An extended period of calm as the pandemic continues to disrupt ordinary life in the city is likely, but will soon dissipate as and when a vaccine is found and distributed. The postponement of the elections, as with the passage of the National Security Law, will only serve to further enrage democrats and exacerbate the ferocious undercurrents and division among Hong Kong’s society, which is set to explode once more.

Once the formal announcement is made, all eyes are will be on the response from the free world. After the unveiling of the National Security Law, many nations, including the United States, placed a striking emphasis on the importance of the elections going ahead as planned when discussing a response. U.S. Secretary of State Mike Pompeo remarked at the Copenhagen Democracy Summit that how the elections would be conducted will “tell us everything we need to know about the Chinese Communist Party’s intentions with respect to freedom in Hong Kong.”

Now that the elections have been all but canceled, China hawks in the Trump administration, including Director of the Office of Trade and Manufacturing Policy Peter Navarro, will have real ammunition to push for immediate, punitive repercussions against Beijing.

Former White House chief strategist Steve Bannon and analyst Gordon Chang have led calls for China to be immediately cut off from Swift, the U.S. dollar payment system widely used in international trade and investment deals, in a move that would be estimated to cost China more than $300 billion each year.

Other measures could also include targeted sanctions against individuals in Hong Kong and Beijing judged to be responsible for the postponement of the elections, and of human rights abuses in Hong Kong more widely, under the Global Magnitsky Human Rights Accountability Act. In any event, it’s unforeseeable in the current climate that the move would be met with resignation in Washington.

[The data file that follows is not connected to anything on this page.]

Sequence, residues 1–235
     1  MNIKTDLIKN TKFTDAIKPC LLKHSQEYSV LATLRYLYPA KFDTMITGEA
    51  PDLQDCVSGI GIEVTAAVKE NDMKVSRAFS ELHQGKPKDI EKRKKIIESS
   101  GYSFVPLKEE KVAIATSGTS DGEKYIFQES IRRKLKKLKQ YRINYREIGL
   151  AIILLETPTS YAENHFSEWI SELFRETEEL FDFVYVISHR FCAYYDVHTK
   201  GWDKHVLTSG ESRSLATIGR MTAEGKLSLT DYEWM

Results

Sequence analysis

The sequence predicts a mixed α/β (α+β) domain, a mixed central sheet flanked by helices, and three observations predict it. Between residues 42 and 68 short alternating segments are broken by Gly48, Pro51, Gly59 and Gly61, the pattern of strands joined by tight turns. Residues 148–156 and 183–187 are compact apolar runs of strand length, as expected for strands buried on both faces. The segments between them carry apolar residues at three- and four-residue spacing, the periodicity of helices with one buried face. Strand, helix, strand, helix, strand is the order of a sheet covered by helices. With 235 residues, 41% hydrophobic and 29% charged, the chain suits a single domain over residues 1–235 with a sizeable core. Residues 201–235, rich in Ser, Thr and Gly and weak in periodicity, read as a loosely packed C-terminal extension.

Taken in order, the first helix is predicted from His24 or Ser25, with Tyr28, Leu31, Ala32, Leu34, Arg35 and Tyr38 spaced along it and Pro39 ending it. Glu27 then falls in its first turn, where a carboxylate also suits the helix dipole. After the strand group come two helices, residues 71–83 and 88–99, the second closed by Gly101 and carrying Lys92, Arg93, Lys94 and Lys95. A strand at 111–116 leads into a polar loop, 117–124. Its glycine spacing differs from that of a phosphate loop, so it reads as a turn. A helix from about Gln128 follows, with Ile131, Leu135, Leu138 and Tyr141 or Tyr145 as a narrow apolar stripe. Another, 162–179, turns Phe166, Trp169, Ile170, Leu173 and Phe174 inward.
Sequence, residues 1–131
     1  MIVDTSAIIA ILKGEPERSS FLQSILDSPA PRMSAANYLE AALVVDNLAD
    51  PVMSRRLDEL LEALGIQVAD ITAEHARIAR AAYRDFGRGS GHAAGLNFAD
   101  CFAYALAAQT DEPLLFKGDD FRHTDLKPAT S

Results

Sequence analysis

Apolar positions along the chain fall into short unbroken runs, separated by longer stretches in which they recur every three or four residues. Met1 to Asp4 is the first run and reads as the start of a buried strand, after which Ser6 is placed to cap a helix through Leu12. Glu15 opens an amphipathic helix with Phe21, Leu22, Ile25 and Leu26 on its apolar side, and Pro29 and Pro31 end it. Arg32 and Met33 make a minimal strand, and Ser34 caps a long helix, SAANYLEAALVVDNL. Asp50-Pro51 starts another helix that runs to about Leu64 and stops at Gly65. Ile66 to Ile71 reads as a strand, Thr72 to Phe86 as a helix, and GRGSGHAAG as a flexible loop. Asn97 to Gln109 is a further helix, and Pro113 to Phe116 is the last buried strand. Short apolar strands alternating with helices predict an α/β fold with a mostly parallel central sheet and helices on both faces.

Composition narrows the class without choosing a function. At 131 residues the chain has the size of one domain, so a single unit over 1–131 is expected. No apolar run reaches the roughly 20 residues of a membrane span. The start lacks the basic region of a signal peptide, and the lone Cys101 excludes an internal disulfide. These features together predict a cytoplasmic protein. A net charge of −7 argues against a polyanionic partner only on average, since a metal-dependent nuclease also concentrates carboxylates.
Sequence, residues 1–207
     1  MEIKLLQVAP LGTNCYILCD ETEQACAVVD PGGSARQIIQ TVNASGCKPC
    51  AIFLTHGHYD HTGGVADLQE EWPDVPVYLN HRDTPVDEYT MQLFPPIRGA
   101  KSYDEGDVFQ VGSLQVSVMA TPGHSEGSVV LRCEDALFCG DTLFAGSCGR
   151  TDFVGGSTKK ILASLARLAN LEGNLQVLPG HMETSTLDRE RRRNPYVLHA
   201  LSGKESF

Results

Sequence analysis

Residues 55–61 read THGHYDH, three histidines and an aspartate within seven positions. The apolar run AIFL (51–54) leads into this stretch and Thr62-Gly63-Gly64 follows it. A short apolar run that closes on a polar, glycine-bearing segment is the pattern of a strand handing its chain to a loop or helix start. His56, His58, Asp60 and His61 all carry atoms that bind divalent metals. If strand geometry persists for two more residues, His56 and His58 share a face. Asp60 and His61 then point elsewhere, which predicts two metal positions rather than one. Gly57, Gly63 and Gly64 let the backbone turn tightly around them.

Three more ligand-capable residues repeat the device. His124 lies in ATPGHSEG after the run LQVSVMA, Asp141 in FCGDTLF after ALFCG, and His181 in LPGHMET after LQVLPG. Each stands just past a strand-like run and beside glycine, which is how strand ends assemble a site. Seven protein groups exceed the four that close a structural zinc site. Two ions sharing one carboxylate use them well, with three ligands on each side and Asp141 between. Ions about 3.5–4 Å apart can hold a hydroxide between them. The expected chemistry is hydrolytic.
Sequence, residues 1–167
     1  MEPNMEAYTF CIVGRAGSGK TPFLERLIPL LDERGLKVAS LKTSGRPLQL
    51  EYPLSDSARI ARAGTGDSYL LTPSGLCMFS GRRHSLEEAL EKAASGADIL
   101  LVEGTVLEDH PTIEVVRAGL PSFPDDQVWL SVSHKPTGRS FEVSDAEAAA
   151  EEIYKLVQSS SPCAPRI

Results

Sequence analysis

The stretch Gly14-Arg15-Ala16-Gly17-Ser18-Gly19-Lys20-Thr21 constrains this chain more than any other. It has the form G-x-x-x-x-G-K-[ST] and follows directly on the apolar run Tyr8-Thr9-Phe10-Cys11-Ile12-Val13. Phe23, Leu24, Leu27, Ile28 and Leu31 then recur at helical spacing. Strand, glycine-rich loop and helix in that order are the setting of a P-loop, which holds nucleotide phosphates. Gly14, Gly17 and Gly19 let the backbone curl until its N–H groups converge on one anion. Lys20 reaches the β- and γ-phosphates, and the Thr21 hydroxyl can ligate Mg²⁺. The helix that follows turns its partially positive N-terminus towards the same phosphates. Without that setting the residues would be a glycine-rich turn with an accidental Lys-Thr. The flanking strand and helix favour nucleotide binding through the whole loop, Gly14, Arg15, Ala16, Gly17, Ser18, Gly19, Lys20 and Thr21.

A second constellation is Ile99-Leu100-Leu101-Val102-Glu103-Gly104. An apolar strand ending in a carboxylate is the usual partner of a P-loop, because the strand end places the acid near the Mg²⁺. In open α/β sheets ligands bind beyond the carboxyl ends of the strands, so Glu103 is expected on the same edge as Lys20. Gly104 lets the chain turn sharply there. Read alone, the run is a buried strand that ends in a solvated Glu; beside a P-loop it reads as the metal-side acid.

But while the suspension of the elections will only inflame tensions in Hong Kong’s viciously divided society, it should also be noted that the coming year before the poll will likely see a crackdown of unprecedented proportions.

Mass arrests under the National Security Law—with the most high-profile activists being extradited to the mainland to face trial—are likely, as well as the wholesale import into Hong Kong of other authoritarian measures used in the mainland to curb dissent.

But with no sign that the pro-democracy movement’s determination or its overwhelming support among the Hong Kong public is dying down, it seems Beijing has added another historic mistake in its catalog of the mishandling of a resistance movement on its periphery.

Jack Hazlewood is a student and activist based in London. He previously worked for a localist political party in Hong Kong, and served as a field producer for the conflict journalism outlet Popular Front’s documentary “Add Oil,” which followed front-line protestors in Hong Kong in the run-up to China’s National Day in 2019.

Views expressed in this article are the opinions of the author and do not necessarily reflect the views of The Epoch Times.